Moon Knight very obviously wants to evoke a particular sort of old-fashioned romantic globe-trotting adventure, like Raiders of the Lost Ark, Romancing the Stone or even The Mummy. It is arguably part of a recent attempted revival of the subgenre, including Jungle Cruise and Lost City of D. However, the show’s attempts to tap into this sort of classic odd couple romance demonstrates the limits of the weird insistent sexlessness that define so many modern blockbuster stories. Moon Knight manages the seemingly impossible, in that it makes Oscar Isaac seem sexless.

You can read the piece here, or click the picture below.

New Escapist Video! On How “Moon Knight” Approaches Marvel’s “Villain Problem”…

We’re thrilled to be launching a fortnightly companion piece to In the Frame at The Escapist. The video will typically launch every second Monday, and be released on the magazine’s YouTube channel. This is kinda cool, because we’re helping relaunch the magazine’s film content – so if you can throw a subscription our way, it would mean a lot.

With the release Moon Knight, it seemed like a good opportunity to talk about the show. In particular, how Moon Knight offers an interesting approach to the long-standing “villain problem” facing Marvel Studios.

New Escapist Column! On the Forgotten Nineties Pulp Superhero Boom…

I published a new piece at The Escapist this evening. With the looming release of Doctor Strange in the Multiverse of Madness, it seemed like a good opportunity to take a look at Sam Raimi’s first superhero movie: Darkman.

Darkman is notable because it belongs to a wave of early nineties superhero movies that were heavily influenced by the pulp heroes of the thirties and forties: Batman, Dick Tracy, The Rocketeer, The Shadow, The Mask, The Phantom. This is a fascinating and often overlooked trend in the history of what would become the biggest genre in Hollywood. It’s interesting to look at these movies collectively, to place in the wave of a broader cultural nostalgia for the pop culture of the era.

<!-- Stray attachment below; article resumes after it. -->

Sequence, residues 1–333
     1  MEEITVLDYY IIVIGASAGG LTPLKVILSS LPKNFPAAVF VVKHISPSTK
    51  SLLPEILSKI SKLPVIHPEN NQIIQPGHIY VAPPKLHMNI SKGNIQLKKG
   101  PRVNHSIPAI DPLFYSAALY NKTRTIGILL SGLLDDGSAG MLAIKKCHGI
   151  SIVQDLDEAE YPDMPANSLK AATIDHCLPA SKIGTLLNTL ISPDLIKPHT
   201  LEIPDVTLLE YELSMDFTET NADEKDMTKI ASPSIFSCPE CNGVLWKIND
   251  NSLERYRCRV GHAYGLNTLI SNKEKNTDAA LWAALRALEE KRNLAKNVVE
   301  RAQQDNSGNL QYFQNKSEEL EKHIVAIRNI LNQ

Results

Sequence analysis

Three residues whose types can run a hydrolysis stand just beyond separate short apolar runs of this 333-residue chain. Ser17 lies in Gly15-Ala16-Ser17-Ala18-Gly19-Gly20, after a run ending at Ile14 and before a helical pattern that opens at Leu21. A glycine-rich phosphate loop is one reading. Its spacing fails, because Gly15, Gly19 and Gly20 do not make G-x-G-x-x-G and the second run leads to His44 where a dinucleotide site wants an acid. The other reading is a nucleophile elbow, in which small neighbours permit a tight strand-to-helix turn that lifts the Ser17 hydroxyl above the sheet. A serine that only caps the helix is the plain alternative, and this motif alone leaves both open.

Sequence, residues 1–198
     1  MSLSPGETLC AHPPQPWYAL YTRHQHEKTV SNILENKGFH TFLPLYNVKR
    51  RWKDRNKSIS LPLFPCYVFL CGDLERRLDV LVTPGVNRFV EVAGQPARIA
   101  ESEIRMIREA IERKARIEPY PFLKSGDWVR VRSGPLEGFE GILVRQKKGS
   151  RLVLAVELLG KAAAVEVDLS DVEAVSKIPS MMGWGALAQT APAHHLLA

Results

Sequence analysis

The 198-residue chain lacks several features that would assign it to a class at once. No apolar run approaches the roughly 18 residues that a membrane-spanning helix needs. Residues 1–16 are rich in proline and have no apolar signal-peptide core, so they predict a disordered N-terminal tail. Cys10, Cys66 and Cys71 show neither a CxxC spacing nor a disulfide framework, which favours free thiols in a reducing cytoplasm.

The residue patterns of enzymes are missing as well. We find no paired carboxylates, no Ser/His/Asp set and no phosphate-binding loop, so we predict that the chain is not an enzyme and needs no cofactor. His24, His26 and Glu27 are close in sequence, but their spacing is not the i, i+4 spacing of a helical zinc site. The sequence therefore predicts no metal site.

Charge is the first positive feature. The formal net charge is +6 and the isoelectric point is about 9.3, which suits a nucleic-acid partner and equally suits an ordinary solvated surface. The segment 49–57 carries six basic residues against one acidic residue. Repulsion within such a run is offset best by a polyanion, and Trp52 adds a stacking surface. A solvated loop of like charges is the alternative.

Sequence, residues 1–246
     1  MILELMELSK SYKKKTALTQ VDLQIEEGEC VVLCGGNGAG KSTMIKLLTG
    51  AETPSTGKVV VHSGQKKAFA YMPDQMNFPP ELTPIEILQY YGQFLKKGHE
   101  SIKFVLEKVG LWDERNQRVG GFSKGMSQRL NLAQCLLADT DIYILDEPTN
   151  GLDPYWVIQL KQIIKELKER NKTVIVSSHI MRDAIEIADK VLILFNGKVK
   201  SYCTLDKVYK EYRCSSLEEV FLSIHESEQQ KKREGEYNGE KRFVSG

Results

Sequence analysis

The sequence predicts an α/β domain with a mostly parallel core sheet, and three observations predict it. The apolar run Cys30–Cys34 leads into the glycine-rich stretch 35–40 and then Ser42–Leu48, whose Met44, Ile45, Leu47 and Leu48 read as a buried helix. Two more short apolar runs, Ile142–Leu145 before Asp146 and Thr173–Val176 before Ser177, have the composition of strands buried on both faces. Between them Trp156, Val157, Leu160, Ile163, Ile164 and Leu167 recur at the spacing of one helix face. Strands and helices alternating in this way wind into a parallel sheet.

You can read the piece here, or click the picture below.

New Escapist Column! On How “The Motion Picture” Gave the “Star Trek” Universe Room to Breathe…

I published a new In the Frame piece at The Escapist this evening. With the release of the recently remastered Director’s Edition of Star Trek: The Motion Picture, it seemed like a good opportunity to take a look at the first feature film in the Star Trek franchise.

The Motion Picture is often derided by its critics as “the Motionless Picture”, reflecting the film’s slow pacing and simplistic plot in contrast to its more relaxed runtime. These criticisms are entirely valid, but they also ignore one of the central appeals of The Motion Picture. Just two years after George Lucas welcomed viewers to “a galaxy far, far away” with Star Wars, The Motion Picture made the Star Trek universe truly tactile and tangible. The film is perhaps best understood as an experience rather than a narrative, a window into the franchise’s fictional universe.

You can read the piece here, or click the picture below.

New Escapist Column! On How the Fate of the MCU Rests on “Doctor Strange in the Multiverse of Madness”…

I published a new In the Frame piece at The Escapist this evening. With the looming release of Doctor Strange in the Multiverse of Madness, it seemed like a good time to reflect on how so much of the fate of the Marvel Cinematic Universe came to rely on he sequel to Doctor Strange.

Doctor Strange was a solid midtier entry in the Marvel Cinematic Universe. It was warmly, but not raptuously, received by both audiences and critics. However, there is something fascinating in how the studio has positioned Doctor Strange in the Multiverse of Madness as essentially the franchise’s first true “event” movie since Avengers: Endgame. Indeed, there’s a surprising amount riding on the film, following the performance of the previous three Marvel Studios films and the success of Spider-Man: No Way Home and The Batman.

You can read the piece here, or click the picture below.